A debenture is said to be issued at a premium when the price charged is more than its nominal value. e.g., the issue of debentures of Rs. 300 each for Rs. 320, the excess amount over the nominal value i.e., Rs. 20 is the premium on issue of debentures.
When the amount collected is less than the nominal value, a debenture is said to have been issued at discount. For e.g., the issue of debentures of Rs. 300/- for Rs. 270/-. The difference of Rs. 30/- is the discount and is called discount on issue of Debentures.
Note: The debentures issued on discount will amount to Capital loss and issue of debentures at Premium is Capital gain.
Steps to Issue Debentures:
Convene Board Meeting to approve type of debentures and Calling of EGM.
And in case of Private Placement of Debentures approval of PAS 4 offer letter and Approval of PAS 5 record of the private placement.
Drafting and Approval of Debenture Subscription Agreement.
According to the agreement, the company shall create a Debenture Redemption Reserve account from the profits of the company available for payment of dividend. Also, the amount credited to such account should be utilized only for the redemption of Debentures.
Dispatch Notice of General Meeting to the members of the company. The Notice period should be of at least 21 clear days in accordance with Section 101(1) of the Companies Act and Secretarial Standard -2.
In case of secured debentures, following additional approvals shall also be required to be taken:
- Consent of Debenture Trustee to act as a debenture trustee.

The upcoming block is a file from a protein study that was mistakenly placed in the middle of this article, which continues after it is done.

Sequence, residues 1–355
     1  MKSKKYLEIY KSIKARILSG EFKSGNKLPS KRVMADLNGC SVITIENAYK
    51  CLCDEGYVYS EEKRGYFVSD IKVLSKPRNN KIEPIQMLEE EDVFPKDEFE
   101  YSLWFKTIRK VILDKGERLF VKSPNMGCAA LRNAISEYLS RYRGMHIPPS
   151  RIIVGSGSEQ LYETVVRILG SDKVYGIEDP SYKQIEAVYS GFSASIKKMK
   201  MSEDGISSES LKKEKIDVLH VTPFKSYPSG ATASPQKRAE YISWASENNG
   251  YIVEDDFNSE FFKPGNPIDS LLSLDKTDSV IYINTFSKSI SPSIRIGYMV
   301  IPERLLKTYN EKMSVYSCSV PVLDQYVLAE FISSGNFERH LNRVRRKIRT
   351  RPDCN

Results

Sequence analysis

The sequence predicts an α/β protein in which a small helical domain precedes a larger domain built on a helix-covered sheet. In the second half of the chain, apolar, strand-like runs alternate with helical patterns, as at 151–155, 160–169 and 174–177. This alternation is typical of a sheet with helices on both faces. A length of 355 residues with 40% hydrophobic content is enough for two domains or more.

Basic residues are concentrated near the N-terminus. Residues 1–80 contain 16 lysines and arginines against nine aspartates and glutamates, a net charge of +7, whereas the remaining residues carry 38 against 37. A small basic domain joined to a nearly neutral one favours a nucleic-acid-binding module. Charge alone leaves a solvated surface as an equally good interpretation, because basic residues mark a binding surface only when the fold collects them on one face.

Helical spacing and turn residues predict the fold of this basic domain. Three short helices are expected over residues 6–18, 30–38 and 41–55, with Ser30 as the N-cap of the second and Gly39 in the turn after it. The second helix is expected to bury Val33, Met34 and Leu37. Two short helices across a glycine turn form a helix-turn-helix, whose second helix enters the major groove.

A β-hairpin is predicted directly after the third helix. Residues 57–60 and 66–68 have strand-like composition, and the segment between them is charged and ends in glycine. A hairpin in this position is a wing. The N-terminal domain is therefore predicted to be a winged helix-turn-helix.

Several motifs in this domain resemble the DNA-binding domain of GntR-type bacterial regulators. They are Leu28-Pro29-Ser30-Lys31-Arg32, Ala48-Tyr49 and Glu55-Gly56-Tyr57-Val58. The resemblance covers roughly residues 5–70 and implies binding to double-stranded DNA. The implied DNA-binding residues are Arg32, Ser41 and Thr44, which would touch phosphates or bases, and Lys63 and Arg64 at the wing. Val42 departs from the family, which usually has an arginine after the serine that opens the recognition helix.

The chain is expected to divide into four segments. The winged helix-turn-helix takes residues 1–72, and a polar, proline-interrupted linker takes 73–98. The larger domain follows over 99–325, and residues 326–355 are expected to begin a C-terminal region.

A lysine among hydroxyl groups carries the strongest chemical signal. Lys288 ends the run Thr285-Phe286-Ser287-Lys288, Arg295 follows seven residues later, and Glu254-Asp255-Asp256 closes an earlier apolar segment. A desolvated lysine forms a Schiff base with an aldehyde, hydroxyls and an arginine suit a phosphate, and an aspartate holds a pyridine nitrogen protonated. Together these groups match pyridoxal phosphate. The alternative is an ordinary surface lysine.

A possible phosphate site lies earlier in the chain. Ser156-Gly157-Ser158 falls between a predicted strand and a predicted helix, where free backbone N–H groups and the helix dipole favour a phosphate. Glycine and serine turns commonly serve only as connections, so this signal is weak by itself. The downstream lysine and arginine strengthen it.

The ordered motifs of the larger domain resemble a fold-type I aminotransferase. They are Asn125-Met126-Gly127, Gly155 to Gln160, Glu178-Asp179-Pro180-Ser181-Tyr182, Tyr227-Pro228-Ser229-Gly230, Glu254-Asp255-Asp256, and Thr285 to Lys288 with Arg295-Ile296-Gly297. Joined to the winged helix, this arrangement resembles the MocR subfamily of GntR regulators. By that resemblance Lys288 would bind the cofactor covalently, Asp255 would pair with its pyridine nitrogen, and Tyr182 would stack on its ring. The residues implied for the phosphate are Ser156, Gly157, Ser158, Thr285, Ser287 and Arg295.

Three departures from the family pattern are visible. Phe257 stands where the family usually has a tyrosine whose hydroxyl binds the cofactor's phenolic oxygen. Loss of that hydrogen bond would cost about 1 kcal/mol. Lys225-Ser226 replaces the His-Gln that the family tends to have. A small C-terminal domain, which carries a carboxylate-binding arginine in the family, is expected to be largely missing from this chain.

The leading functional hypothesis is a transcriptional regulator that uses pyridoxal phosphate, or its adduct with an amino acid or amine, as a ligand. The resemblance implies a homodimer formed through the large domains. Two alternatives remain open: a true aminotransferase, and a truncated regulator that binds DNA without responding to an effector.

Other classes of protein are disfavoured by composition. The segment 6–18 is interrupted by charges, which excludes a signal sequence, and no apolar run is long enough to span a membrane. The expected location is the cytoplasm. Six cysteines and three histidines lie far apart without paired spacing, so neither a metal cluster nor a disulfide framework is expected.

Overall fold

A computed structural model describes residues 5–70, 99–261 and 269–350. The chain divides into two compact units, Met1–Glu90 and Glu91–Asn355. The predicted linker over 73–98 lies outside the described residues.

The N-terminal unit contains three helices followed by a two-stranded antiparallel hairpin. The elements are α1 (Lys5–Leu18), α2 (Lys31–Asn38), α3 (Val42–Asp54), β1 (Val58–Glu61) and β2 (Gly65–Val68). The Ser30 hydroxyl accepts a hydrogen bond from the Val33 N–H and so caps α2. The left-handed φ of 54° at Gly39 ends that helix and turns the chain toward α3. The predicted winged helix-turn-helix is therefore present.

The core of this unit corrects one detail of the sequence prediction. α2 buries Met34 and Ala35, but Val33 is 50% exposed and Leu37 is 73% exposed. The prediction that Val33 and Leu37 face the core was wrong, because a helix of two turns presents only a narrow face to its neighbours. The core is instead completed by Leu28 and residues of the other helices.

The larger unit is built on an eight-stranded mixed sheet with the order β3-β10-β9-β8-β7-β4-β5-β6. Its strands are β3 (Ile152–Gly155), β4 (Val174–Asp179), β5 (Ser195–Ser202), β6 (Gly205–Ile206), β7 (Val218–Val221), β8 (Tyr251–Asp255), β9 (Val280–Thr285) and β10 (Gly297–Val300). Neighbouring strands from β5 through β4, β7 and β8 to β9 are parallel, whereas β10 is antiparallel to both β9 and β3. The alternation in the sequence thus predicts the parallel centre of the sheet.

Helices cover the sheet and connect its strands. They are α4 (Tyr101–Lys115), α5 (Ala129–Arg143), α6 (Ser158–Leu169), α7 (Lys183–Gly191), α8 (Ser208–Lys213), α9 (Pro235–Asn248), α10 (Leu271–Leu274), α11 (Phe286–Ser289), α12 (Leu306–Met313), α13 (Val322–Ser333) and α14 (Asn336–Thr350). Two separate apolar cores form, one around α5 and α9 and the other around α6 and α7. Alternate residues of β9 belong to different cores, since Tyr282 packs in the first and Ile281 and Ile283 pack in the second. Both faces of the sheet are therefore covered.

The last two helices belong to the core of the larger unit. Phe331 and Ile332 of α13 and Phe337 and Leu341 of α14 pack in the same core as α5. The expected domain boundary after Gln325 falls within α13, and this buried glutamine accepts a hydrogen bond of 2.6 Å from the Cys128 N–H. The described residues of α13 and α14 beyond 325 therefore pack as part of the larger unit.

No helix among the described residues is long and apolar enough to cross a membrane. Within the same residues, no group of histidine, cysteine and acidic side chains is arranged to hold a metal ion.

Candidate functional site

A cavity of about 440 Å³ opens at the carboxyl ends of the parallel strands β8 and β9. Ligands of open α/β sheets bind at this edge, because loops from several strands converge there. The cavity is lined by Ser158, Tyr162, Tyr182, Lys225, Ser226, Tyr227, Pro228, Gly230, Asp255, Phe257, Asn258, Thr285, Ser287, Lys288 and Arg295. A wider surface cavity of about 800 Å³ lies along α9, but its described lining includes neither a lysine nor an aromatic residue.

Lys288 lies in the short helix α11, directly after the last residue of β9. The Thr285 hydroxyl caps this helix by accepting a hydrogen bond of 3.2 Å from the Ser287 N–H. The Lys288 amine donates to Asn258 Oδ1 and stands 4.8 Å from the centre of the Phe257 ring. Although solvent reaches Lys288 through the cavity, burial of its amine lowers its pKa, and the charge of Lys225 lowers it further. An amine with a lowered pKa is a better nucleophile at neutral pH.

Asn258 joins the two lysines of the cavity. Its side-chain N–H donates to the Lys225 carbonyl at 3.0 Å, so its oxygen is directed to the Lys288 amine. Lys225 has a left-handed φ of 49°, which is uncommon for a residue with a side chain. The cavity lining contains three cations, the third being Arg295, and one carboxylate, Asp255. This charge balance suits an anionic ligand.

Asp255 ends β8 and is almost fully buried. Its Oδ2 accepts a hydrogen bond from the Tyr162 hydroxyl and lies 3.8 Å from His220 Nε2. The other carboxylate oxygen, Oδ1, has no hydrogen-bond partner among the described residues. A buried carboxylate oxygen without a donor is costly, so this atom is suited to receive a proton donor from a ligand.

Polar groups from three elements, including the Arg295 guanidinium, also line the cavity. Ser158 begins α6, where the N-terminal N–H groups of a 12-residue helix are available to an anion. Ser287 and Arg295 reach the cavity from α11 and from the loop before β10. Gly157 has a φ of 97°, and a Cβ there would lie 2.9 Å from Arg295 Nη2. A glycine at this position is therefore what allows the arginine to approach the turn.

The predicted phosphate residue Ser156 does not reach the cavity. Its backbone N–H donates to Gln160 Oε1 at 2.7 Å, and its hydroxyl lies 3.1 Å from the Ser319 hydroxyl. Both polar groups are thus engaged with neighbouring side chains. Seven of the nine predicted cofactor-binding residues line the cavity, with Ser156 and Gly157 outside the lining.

- Approval of Terms and conditions for appointment of Debenture Trustee and agreement thereof.
- Authorise creation of charge to secure debentures.
Convene General Meeting of Shareholders for approval of the issue of Debentures.
In case, the money to be borrowed, together with the money already borrowed, exceeds the limits specified under section 180(1)(c), approval to increase the said limit shall also be taken.
Dispatch Letter of Offer and Opening of Bank account to receive subscription money from investors to the debenture issue.
Forms to be submitted with the Registrar of Companies:
PAS 4 And PAS 5 to be submitted by attaching it to GNL 2
MGT-14 for Filing Special Resolution.
CHG 9 for creation of charge in case of issue of secured debentures.
Convene and hold a Board meeting to consider and approve the following items:
The Board shall make allotment of debentures issued to the applicants and file return of allotment with the Registrar of Companies, in PAS-3.
Time Limit to Issue Debenture Certificate:
As per Section 56(4) of the Companies Act, 2013 debenture certificate must be issued within a period of 6 months from the date of allotment.
As per Section 56 (6) If a Company failed to issue Debenture Certificate withing prescribed time limit then it shall be made liable to pay a fine minimum of 25,000 rupees which may extend to 5,00,000 rupees. The officer who is in default shall by punished with a fine which is 10,000 rupees minimum and extending to 1,00,000 rupees.
With a wide array of specifications in this form of security while investing in such security investor should take the precaution of background check of the company as there are a number of shell companies issues debenture collect amount and withdraw the same.
Investor left with no option except NCLT but that may not guarantee of Complete return of investment, this generally happens when the company fails to pay the interest at the initial stage.
Mrs Annu Sharma is a Company Secretary by profession as well as a Certified CSR Professional along with Graduation in Law. She has Vast Experience of 3 years in Corporate and other Allied Laws. Being a Writer by Passion she has penned many articles on corporate laws till now which are published on prominent websites.